It's been a summer of celebrating iconic American singers on Twin Cities stages. At the Chanhassan Dinner Theater, "Always, Patsy Cline," the story of the country songstress, has been on stage since April.
Meanwhile, "Ella," a musical about the life of jazz great Ella Fitzgerald, is enjoying an extended run at the Guthrie Theater.
Whether you're a devotee of the American songbook or hang out in karaoke bars, there are few voices in popular music more recognizable than Patsy Cline or Ella Fitzgerald. But the artists who are bringing these giants to life on stage by no means consider themselves impersonators.
Tina Fabrique has played Ella in nearly 20 regional productions since the show was created in 2005. Before that, Fabrique sang Ella's canon with the Duke Ellington Orchestra for three years.
"So I was familiar with the songs and the material, but what I tried to embrace was more the spirit of the woman, trying to capture who she was," Fabrique said.
As the show points out, it was Ella Fitzgerald's indomitable spirit that helped her rise above a life full of hurt. Fitzgerald's mother died when she was 14, her stepfather was abusive and when she was sent to a so-called colored orphanage, she was beaten by staff. Tina Fabrique said whenever you have deep pain in your life you have a choice; to live through it, or, in the case of Fitzgerald, use your art to push it away.
"She made the choice to find happiness in rendering her spirit and heart to her audience, 101 percent, every performance," she said.
Fabrique said her artistic challenge in the show is to convey the warmth and unique tone of Ella's voice. While Fitzgerald had the dexterity and agility to surpass the vocal acrobatics of many of today's singers, Ella knew how to exercise restraint.
"These days, a lot of licks and twists and turns are the popular thing, but she would take a melody and she would caress it," she said. "She could sing something and it would just be so unpredictable, but it wasn't worked at. It always sound relaxed. It always sounded like she just took a deep breath, and decided to do this at the last moment."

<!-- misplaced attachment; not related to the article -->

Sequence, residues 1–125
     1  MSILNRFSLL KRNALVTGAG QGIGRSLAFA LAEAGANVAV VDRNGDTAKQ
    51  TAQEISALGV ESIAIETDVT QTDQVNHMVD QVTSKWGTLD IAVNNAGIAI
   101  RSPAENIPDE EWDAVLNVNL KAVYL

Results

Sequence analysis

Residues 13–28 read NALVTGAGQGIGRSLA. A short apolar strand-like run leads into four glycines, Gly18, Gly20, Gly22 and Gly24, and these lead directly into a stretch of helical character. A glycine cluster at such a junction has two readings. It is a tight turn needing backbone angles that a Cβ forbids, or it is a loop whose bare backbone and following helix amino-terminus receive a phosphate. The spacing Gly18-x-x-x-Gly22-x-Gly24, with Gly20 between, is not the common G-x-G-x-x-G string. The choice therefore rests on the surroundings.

One local reviewer lauded what he called Tina Fabrique's "pitch perfect scattitude" in her portrayal of Ella. It's partly because Fabrique learned all of Fitzgerald's scats note for note.
"Simply because the public may not know that they know the scats, but they do," Fabrique said. "And if you sing something different, or you take it melodically somewhere else, they'll say 'I don't know what it is but that's not what Ella did,' you know what I'm saying?"
That's Monica Heuser, who plays Patsy Cline, said that's where it's a fine line between impersonation, a word she doesn't like to use.
"But you do have to nail what those people know out there that love those artists, or they get upset," Heuser said.
Monica Heuser has made a living off her ability to embody Patsy Cline's voice and personality since she came to the Twin Cities more than ten years ago. Patsy Cline's estate has even given her its official stamp of approval.
Heuser describes Cline as a man's man and a girl's girl. She admires Cline's gutsiness as a trailblazer for women in country music, and her loyalty and devotion to her friends. Heuser said her job is to remain true to Cline as a human being.
"That's what the audience wants," she said. "They want that person to be alive again and vibrant and before their eyes again because in Patsy's case she left this world way too early."
Like Ella Fitzgerald, Patsy Cline's childhood was marked by pain. Her father abandoned the family when she was young. But Cline didn't sing to keep her suffering at bay, she sang to release it. Cline's characteristic vocal slips and slides come naturally to Heuser. To become Patsy, she has to embrace her vulnerability.
"There are some nights where I have to be really careful," she said. "I really tear up during 'Crazy.' I really tear up during 'If I could see the world through the eyes of a child.' I'm kind of tearing up right now just thinking about it."
Heuser said it's in Cline's delivery. "She's just singing from her heart the way people out there would love to sing from their heart, but maybe they can't sing," she said. "But she's doing it for us all."
Just like Monica Heuser and Tina Fabrique have been singing for audiences all summer long. Both confessed to being mutual admirers when they met in the studio and promised to take in each other's performances.
"Ella's" extended run at the Guthrie winds up on Sept. 20. "Always, Patsy Cline," is on stage at Chanhassan Dinner Theater through Oct. 31.
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